Friday, January 26, 2007

What has the Catholic church done for us?

According to Christian Today (I'm not a regular reader, it has to be said), the Catholic church is once again lobbying for the reintroduction of a direct reference to the role of God in the formation of Europe as a continent. Considering the reliance of the Catholic church on a centuries-old document one would think that they would pay attention to history. I think a comparison between the European Convention of Human Rights (possibly pinnacle of European civilisation), and the Catholic church would be appropriate.

Articles 2 and 3 protect the right to life and prohibition of torture (Article 1 being to enforce respect for human rights in their jurisdiction). The Catholic church first instated execution by burning to be the punishment for heresy in the late 12th century, a particularly nasty method of execution now considered to be cruel and unusual punishment. Giordano Bruno, a Catholic and one of the first to argue for the existence of other planets, was executed by burning for heresy in 1600. Pope John Paul II issued a statement regretting the error of the Catholic church in the death of Bruno in one of its many saving-face exercises.

Article 4 prohibits slavery. There are numerous references to the keeping of slaves in the Bible, for example the ridiculous Curse of Ham, where Canaan was given as a slave to his uncles by his grandfather Noah (Genesis 9:20-27). This was for the crime of Canaan's father, Ham, telling his two brothers that Noah was naked after getting drunk! This was also the passage used by some to justify the transatlantic slave trade. The New Testament is equally happy to condone slavery, such as in 1 Peter 2:18 ("Slaves, submit yourselves to your masters with all respect, not only to those who are good and considerate, but also to those who are harsh."). Again, the Catholic church has done a complete about-turn and declared slavery contrary to God's will.

Articles 5, 6, 7 and 13 prohibit the maladministration of justice by protecting the right to liberty, security, a fair and speedy trial, and no punishment without law. The various Inquisitions set up by the Catholic church were in direct contradictions to these principles - attendance at a papal inquisition was supposedly voluntary but those who did not attend were immediately suspected of heresy, a lawyer for the defendant would lose his licence to practice if the defendant was convicted, and the defendant had no right to know the charges.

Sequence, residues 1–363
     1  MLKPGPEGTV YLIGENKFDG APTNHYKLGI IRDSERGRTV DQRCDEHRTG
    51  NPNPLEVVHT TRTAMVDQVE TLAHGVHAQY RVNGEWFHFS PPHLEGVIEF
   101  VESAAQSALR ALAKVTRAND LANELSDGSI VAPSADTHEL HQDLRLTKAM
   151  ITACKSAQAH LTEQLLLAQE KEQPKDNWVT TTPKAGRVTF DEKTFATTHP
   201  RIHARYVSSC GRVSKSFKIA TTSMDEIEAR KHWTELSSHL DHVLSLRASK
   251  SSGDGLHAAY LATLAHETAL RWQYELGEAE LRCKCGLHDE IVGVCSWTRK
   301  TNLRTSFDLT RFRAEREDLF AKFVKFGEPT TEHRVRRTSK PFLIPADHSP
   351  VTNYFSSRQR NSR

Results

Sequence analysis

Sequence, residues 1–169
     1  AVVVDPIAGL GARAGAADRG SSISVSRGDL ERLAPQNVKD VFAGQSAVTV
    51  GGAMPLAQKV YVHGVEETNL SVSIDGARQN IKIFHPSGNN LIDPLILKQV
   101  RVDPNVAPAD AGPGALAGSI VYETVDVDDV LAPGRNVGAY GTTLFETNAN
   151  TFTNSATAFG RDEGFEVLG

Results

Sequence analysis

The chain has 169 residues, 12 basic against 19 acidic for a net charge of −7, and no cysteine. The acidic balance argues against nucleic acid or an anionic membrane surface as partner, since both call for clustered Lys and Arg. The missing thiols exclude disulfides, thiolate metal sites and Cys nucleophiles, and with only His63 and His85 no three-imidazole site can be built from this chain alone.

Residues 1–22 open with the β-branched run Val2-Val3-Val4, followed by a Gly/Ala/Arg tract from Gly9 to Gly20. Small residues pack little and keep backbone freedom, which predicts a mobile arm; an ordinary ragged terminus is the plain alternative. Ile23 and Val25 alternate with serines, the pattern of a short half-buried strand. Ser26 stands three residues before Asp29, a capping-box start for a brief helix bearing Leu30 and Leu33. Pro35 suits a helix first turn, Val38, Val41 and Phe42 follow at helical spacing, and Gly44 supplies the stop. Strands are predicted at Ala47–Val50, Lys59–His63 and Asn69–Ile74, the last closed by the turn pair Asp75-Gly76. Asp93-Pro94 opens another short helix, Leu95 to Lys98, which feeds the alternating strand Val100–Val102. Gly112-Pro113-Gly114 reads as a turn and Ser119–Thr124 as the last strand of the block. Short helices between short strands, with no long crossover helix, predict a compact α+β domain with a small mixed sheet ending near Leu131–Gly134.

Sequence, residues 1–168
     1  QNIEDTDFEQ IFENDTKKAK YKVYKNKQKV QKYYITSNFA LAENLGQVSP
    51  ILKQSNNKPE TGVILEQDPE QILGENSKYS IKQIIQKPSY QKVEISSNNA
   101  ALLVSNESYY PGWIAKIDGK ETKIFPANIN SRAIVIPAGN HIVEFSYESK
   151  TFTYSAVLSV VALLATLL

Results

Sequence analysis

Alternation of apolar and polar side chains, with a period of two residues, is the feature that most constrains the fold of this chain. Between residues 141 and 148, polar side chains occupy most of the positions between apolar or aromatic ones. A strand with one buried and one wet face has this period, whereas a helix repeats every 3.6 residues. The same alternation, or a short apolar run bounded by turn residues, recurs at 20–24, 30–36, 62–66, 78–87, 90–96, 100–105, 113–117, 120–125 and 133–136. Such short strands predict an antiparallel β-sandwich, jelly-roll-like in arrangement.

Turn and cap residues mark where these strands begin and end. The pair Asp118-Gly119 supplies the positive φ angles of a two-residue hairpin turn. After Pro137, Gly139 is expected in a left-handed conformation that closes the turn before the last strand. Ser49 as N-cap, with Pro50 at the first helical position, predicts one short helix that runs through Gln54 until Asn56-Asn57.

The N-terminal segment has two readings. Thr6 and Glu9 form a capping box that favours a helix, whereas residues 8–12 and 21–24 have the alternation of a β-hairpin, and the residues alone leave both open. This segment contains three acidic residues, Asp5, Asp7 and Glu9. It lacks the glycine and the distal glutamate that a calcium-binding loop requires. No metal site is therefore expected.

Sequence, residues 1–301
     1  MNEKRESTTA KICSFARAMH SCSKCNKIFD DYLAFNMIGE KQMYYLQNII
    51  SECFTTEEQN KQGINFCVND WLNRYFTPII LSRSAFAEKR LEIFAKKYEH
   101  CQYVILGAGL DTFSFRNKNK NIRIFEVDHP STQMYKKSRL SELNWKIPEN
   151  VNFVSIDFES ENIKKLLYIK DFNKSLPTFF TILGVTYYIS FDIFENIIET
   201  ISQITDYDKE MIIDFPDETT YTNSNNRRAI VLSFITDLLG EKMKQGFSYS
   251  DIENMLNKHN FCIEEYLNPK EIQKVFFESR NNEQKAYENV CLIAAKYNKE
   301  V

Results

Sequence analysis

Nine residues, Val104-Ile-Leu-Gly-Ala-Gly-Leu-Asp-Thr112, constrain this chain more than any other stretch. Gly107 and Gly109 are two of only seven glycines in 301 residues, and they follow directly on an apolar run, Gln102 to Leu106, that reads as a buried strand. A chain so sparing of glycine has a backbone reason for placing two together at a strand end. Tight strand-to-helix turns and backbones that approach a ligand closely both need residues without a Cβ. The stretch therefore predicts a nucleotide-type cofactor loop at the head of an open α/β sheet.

Article 8 requires respect for private life. Court rulings have taken this to mean homosexual activities conducted in private may not be criminalised. The history of Catholic attitudes towards homosexual activity is one of hate the sin, and the only change is a gradual progression of "hate the sinner" to "tolerate the sinner somewhat". The Bible's view of homosexuality is clear also - the story of Sodom and Gomorrah in the Old Testament (Genesis 19:1-28) or Romans 1:26-27 in the New Testament.

Articles 9, 10, and 11 are rights to freedom of thought, conscience, religion, expression, assembly, and association. In 1492, following the Alhambra decree all Jews were expelled from Spain if they did not convert to Catholicism. Jews were permitted back in Spain in the mid 19th century and the edict was only repealed in 1968. Jews who remained in Spain, defying the decree were considered Christians and had to declare their new faith before papal inquisitions. The despicable practice of "yellow badges" was also instituted in 1215 by the Fourth Council of the Lateran, requiring Jews and Muslims to wear special clothes for identification.

Article 12 protects the right to marry (for heterosexual couples). The right to marry non-Catholics is an rather hazy area, with certain Bible passages suggesting that marriage of unbelievers is prohibited (Deuteronomy 7:1-3). The Catholic church permits "mixed" marriage but usually requires that the children are brought up in the Catholic faith and requires the non-Catholic person allow the Catholic person to practice their religion without interference.

In every one of these thirteen articles protecting the rights of not just European citizens but in most circumstances foreigners as well, the Catholic church has a disgraceful history of sanctioning or actively taking part in crimes against humanity and has only in recent times apologised for its shameful behaviour (so much for deriving morals from the Bible). The only role the Catholic church has played in the formation of Europe and human rights is fighting against it at every stage. We should put that in the constitution instead.

2 comments:

peter said...

You want to try being a bastard: I can never enter into an association of The Lord, and am condemned to same with eunuchs, ammonites (what did those poor bloody fossils ever do the almighty?) and Moabites. The weekend football is going be so crap with that lot for opposition. Do they still do dissections in zoology? I did it in the 80s and we were always chopping things up.

Chris said...

I haven't done any dissections in my practicals, but one of my friends does Zoology at a different university and he has done dissections. I guess it just depends on your course. Maybe in third year....

Chris